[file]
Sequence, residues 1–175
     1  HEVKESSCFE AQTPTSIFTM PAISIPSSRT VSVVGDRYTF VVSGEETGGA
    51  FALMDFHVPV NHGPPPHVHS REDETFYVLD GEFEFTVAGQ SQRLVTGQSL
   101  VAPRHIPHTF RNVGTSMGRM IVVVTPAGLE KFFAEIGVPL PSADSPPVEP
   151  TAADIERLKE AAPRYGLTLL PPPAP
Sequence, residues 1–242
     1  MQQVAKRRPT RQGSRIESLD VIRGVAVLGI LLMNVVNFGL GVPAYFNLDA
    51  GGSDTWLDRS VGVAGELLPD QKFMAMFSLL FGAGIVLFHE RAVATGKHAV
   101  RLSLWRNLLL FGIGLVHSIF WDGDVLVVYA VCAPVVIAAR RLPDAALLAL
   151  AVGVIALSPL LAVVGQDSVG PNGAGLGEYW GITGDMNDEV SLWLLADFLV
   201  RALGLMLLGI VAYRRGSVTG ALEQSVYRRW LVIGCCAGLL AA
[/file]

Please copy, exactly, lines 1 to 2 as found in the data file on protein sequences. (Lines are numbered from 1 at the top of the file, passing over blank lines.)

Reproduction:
Sequence, residues 1–175
     1  HEVKESSCFE AQTPTSIFTM PAISIPSSRT VSVVGDRYTF VVSGEETGGA